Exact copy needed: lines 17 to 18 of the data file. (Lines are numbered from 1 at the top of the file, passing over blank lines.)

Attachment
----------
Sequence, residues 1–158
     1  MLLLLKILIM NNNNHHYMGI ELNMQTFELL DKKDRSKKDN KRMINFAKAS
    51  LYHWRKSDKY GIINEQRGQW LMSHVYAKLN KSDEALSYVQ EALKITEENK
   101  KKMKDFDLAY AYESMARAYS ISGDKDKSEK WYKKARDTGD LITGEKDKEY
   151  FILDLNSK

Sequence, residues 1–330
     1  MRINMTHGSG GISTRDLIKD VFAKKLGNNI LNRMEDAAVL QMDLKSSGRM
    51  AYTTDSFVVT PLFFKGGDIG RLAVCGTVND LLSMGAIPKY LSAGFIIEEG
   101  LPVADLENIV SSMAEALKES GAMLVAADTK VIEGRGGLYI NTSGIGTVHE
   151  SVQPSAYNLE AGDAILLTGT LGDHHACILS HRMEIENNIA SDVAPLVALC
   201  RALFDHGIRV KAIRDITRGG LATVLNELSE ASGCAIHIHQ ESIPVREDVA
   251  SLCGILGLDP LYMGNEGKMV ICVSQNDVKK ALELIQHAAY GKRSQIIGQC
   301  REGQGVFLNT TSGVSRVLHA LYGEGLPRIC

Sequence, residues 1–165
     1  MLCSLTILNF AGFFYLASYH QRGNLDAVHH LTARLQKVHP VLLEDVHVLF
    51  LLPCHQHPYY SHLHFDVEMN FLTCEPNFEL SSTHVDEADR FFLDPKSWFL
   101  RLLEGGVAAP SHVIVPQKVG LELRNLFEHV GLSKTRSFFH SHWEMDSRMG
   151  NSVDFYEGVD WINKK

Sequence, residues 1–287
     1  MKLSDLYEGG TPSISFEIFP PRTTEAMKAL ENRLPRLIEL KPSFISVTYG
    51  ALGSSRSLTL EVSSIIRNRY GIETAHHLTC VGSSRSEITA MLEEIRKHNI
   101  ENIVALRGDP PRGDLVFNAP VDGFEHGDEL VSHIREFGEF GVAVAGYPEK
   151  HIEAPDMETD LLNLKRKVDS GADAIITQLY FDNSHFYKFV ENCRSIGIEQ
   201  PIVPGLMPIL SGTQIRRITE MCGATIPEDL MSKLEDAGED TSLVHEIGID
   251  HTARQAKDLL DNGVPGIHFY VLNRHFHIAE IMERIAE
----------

   101  RLLEGGVAAP SHVIVPQKVG LELRNLFEHV GLSKTRSFFH SHWEMDSRMG
   151  NSVDFYEGVD WINKK